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Study finds NFL-Alzheimer’s link

Sean Lee

Dallas Cowboys linebacker Sean Lee is attended to after suffering a concussion against the Washington Redskins during the first half of an NFL football game, Sunday, Dec. 19, 2010 in Arlington, Texas. (AP Photo/Sharon Ellman)


Research unveiled at the Alzheimer’s Association International Conference in Paris today shows that NFL players are more likely to develop mild cognitive impairment, which can lead to Alzheimer’s disease, than men who didn’t play football.

Time magazine reports that the study gave former football players a standardized test for Alzheimer’s symptoms and found indications of dementia in a much higher percentage of them than is found in the population as a whole.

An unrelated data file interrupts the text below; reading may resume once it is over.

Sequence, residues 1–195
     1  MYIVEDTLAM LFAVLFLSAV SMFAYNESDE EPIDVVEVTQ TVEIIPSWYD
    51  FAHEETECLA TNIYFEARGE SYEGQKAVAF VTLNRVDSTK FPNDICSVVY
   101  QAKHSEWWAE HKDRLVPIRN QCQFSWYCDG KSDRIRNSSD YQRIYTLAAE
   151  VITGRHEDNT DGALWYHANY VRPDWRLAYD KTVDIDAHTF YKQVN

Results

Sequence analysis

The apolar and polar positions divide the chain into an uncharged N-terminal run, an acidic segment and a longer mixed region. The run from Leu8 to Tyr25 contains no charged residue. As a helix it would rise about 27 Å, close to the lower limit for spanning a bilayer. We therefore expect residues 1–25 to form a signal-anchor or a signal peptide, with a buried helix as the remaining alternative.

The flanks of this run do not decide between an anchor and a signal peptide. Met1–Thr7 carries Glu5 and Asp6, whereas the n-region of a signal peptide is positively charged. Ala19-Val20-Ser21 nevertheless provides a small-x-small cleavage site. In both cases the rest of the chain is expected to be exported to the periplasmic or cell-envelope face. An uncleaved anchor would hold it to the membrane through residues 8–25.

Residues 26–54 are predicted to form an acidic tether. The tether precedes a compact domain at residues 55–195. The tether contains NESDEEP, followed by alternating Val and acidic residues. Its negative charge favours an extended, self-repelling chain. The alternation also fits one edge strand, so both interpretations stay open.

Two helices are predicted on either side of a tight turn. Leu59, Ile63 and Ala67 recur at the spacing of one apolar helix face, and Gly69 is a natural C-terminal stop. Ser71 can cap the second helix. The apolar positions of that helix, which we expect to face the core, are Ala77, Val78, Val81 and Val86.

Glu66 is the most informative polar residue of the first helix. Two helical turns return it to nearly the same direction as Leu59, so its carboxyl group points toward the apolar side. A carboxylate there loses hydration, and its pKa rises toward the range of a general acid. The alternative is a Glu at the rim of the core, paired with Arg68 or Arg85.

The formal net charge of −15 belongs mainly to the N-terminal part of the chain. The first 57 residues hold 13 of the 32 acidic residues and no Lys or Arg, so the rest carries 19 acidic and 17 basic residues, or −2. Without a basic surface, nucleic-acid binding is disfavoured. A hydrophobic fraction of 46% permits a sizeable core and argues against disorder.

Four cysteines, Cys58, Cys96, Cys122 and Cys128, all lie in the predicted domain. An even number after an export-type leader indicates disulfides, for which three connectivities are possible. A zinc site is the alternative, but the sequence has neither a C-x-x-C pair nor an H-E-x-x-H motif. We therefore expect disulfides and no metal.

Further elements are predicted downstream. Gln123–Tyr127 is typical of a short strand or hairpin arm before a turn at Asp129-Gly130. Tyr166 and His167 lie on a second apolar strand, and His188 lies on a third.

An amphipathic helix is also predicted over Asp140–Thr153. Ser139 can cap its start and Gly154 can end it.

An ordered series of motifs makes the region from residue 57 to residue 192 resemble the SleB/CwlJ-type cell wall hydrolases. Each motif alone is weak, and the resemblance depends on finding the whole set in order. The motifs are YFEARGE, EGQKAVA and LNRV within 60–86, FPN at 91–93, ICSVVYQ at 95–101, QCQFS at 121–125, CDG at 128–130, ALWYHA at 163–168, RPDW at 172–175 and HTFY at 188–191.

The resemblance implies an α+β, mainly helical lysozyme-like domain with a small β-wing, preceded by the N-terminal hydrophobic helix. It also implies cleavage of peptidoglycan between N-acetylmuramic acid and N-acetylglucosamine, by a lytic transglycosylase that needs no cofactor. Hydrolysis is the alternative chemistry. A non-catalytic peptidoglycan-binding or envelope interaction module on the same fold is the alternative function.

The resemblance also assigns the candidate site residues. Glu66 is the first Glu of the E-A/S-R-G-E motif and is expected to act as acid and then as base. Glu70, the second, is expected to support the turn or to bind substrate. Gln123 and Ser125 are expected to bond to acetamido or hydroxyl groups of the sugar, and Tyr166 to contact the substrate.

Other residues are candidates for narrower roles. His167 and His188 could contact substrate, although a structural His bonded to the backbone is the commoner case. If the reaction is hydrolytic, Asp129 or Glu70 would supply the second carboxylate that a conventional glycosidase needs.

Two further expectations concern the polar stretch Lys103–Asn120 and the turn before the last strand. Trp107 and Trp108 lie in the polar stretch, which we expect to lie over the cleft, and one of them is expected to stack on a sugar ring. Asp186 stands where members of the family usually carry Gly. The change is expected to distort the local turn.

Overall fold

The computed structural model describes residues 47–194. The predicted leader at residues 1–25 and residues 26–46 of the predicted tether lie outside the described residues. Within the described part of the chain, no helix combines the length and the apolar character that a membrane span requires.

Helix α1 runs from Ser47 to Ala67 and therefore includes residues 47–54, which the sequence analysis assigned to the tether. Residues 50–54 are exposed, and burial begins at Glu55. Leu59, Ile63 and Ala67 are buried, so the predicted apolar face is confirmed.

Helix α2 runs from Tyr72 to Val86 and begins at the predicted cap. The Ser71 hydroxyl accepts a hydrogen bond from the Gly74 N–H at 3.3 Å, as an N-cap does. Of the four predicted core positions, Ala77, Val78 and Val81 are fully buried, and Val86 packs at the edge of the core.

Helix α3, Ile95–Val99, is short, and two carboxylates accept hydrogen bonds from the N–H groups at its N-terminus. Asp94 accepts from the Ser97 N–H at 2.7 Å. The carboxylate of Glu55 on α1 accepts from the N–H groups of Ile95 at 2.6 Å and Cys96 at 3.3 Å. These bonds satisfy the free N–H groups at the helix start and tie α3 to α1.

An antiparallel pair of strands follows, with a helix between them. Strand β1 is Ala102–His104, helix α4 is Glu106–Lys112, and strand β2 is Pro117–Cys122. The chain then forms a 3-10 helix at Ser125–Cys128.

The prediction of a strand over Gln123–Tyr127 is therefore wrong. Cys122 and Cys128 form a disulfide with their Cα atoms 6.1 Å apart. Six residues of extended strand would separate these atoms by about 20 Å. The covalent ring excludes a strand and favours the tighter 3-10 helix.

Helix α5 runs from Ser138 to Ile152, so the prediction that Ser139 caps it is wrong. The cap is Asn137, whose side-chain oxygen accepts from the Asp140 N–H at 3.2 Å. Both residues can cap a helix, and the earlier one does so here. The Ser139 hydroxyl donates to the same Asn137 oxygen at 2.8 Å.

Christopher Randolph, the professor of neurology at Loyola University Medical Center who led the study, says mild cognitive impairment is associated with the kind of repetitive head trauma that football players experience. He also said that football helmets don’t protect against injuries caused by the brain hitting the inside of the skull.

Randolph also says that this kind of brain injury is caused by repeated minor blows to the head, not necessarily by blows to the head that cause concussions, and “it’s conceivable that by changing the ways players drill in practice, we could change things.”